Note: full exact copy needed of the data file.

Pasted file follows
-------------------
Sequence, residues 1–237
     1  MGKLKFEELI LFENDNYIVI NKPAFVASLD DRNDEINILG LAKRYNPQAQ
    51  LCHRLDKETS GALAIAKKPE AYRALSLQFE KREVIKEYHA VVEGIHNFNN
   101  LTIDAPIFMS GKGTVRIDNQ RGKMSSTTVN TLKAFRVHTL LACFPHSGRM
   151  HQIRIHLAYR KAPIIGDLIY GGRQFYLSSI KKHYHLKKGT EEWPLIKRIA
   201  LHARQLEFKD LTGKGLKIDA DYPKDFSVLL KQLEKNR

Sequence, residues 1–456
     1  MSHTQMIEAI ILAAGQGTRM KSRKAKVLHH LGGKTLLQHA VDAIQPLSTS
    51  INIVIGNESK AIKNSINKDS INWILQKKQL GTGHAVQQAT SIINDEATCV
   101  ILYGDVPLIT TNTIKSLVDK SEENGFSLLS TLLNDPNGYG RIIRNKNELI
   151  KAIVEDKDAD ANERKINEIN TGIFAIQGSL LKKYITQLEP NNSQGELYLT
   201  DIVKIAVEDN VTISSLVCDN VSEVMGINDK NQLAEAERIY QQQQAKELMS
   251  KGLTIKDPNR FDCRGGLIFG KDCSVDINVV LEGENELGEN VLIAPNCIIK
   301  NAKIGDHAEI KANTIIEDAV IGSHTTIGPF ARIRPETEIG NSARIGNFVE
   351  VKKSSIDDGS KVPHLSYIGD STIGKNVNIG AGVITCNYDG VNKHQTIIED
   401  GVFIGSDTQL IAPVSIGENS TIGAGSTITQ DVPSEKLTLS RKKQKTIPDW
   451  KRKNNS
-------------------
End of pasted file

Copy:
Sequence, residues 1–237
     1  MGKLKFEELI LFENDNYIVI NKPAFVASLD DRNDEINILG LAKRYNPQAQ
    51  LCHRLDKETS GALAIAKKPE AYRALSLQFE KREVIKEYHA VVEGIHNFNN
   101  LTIDAPIFMS GKGTVRIDNQ RGKMSSTTVN TLKAFRVHTL LACFPHSGRM
   151  HQIRIHLAYR KAPIIGDLIY GGRQFYLSSI KKHYHLKKGT EEWPLIKRIA
   201  LHARQLEFKD LTGKGLKIDA DYPKDFSVLL KQLEKNR

Sequence, residues 1–456
     1  MSHTQMIEAI ILAAGQGTRM KSRKAKVLHH LGGKTLLQHA VDAIQPLSTS
    51  INIVIGNESK AIKNSINKDS INWILQKKQL GTGHAVQQAT SIINDEATCV
   101  ILYGDVPLIT TNTIKSLVDK SEENGFSLLS TLLNDPNGYG RIIRNKNELI
   151  KAIVEDKDAD ANERKINEIN TGIFAIQGSL LKKYITQLEP NNSQGELYLT
   201  DIVKIAVEDN VTISSLVCDN VSEVMGINDK NQLAEAERIY QQQQAKELMS
   251  KGLTIKDPNR FDCRGGLIFG KDCSVDINVV LEGENELGEN VLIAPNCIIK
   301  NAKIGDHAEI KANTIIEDAV IGSHTTIGPF ARIRPETEIG NSARIGNFVE
   351  VKKSSIDDGS KVPHLSYIGD STIGKNVNIG AGVITCNYDG VNKHQTIIED
   401  GVFIGSDTQL IAPVSIGENS TIGAGSTITQ DVPSEKLTLS RKKQKTIPDW
   451  KRKNNS